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Boston Children’s researchers look to puffer fish as source of possible replacement for opioids

A puffed-up blackspotted puffer.Ocean Today/NOAA

This story could really blow up.

The puffer fish is comically ugly but tasty enough that adventurous eaters ignore the fact that parts of it are poisonous. Now, researchers at Boston Children’s Hospital are eyeing the fish’s poison as a potential new anesthetic that could one day replace opioid pain drugs with all their flaws.

Tetrodotoxin, in tiny amounts, in a slow-release formula “provided hours to days of nerve block with minimal local or systemic toxicity” in a study of rats, the researchers said in a study published Wednesday in Nature Communications.

Puffer fish, or blowfish, won their names from their ability to inflate themselves when disturbed. In Japan, where the fish are called fugu, they are cleaned and prepared by specially trained chefs, making for a thrilling, tingly dish.


Too much tetrodotoxin from a puffer fish can kill a person. But tetrodotoxin in the right amounts can relieve pain by blocking the sodium channels that conduct pain messages, the hospital said in a statement.

The researchers, led by Dr. Daniel Kohane, director of the Laboratory for Biomaterials and Drug Delivery at Boston Children’s Hospital, bound the compound to a polymer that is slowly degraded by the body through hydrolysis, the chemical breakdown of a compound by water.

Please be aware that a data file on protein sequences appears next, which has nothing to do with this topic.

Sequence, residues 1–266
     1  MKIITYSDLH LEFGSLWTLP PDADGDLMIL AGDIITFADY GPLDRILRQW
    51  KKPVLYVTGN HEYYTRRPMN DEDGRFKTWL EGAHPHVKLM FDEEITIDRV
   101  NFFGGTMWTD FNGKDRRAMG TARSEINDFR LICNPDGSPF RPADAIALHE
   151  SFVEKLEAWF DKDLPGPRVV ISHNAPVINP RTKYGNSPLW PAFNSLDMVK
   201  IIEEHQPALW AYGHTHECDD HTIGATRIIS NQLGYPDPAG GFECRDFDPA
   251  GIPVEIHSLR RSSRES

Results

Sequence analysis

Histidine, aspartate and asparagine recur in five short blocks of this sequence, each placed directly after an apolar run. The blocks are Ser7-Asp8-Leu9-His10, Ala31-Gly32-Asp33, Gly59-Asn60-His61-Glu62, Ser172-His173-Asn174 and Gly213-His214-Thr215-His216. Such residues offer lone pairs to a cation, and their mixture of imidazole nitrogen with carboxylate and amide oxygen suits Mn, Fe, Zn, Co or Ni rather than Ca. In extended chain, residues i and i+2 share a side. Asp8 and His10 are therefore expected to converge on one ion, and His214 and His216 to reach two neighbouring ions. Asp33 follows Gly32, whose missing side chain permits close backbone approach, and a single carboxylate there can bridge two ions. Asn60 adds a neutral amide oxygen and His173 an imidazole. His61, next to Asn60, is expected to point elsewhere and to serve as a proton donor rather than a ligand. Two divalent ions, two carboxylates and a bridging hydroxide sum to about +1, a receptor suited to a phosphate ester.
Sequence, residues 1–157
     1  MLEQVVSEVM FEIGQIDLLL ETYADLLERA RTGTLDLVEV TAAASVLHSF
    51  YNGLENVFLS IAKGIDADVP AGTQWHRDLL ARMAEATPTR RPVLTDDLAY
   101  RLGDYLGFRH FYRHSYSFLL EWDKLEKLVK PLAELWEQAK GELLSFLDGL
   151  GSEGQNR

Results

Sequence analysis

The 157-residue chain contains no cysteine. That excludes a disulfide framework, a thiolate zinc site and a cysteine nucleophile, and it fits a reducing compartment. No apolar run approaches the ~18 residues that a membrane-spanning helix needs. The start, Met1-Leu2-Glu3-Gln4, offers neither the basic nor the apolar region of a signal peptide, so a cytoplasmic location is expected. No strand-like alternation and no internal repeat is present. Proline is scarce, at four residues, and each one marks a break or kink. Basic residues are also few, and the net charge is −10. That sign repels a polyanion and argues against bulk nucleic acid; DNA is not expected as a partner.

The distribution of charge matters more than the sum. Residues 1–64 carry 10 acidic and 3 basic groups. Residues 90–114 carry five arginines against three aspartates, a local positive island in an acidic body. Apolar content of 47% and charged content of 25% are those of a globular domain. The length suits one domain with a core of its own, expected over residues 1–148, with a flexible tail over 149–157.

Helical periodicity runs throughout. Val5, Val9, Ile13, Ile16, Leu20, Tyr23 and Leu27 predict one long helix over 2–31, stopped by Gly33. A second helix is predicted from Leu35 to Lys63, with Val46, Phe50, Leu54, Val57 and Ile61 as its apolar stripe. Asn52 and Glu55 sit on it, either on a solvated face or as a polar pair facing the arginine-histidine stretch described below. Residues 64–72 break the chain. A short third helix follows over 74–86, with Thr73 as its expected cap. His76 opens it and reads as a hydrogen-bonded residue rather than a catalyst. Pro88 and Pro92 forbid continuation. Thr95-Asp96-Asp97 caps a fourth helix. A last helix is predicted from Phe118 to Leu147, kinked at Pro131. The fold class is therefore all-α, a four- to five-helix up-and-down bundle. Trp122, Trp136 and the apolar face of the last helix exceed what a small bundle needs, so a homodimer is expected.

“A lesson we learned is that with our previous delivery systems, the drug can leak out too quickly, leading to systemic toxicity,” Kohane said in a statement from the hospital. “In this system, we gave an amount of tetrodotoxin intravenously that would be enough to kill a rat several times over if given in the unbound state, and the animals didn’t even seem to notice it.”

To further increase safety from the poison, the researchers added a compound that made nerve tissue more permeable, allowing them to use even smaller amounts of trodotoxin.


“With the enhancer [compound], drug concentrations that are ineffective become effective, without increasing systemic toxicity,” Kohane said. “Each bit of drug you put in packs the most punch possible.”

The first authors of the paper were Kohane’s fellows, Chao Zhao and Andong Liu.

The researchers said that when they injected the formula near the sciatic nerve in rats, they achieved a nerve block for three days. They theorized that nerve blocks could last even longer in humans.

“The formulations developed here would likely be even safer and provide longer blocks in larger animals such as humans,” the study said.

“We could think about very long durations of nerve block for patients with cancer pain, for example,” Kohane said. “Certainly for days, and maybe for weeks.”

The researchers noted in the study that there has been a growing interest in local and regional alternatives to opioids, which come with numerous side effects — and the risk of “tolerance, addiction, diversion, and fatal overdose.”

The researchers, together with the hospital, have applied for a patent, the hospital said.

Martin Finucane of the Globe staff can be reached at martin.finucane@globe.com